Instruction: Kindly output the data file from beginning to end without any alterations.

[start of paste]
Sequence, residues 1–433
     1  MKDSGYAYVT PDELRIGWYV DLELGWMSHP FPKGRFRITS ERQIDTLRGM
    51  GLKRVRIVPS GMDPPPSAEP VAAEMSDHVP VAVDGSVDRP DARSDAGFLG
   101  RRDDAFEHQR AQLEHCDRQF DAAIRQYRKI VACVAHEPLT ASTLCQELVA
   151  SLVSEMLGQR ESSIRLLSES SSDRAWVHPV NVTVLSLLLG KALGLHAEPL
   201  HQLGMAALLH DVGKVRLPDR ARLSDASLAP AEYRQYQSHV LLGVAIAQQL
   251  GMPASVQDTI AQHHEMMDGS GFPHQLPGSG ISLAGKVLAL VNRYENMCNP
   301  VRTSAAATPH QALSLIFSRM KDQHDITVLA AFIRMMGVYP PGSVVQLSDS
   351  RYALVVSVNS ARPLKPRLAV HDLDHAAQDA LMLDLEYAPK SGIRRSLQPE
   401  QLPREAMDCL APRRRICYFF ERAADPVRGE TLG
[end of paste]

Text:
Sequence, residues 1–433
     1  MKDSGYAYVT PDELRIGWYV DLELGWMSHP FPKGRFRITS ERQIDTLRGM
    51  GLKRVRIVPS GMDPPPSAEP VAAEMSDHVP VAVDGSVDRP DARSDAGFLG
   101  RRDDAFEHQR AQLEHCDRQF DAAIRQYRKI VACVAHEPLT ASTLCQELVA
   151  SLVSEMLGQR ESSIRLLSES SSDRAWVHPV NVTVLSLLLG KALGLHAEPL
   201  HQLGMAALLH DVGKVRLPDR ARLSDASLAP AEYRQYQSHV LLGVAIAQQL
   251  GMPASVQDTI AQHHEMMDGS GFPHQLPGSG ISLAGKVLAL VNRYENMCNP
   301  VRTSAAATPH QALSLIFSRM KDQHDITVLA AFIRMMGVYP PGSVVQLSDS
   351  RYALVVSVNS ARPLKPRLAV HDLDHAAQDA LMLDLEYAPK SGIRRSLQPE
   401  QLPREAMDCL APRRRICYFF ERAADPVRGE TLG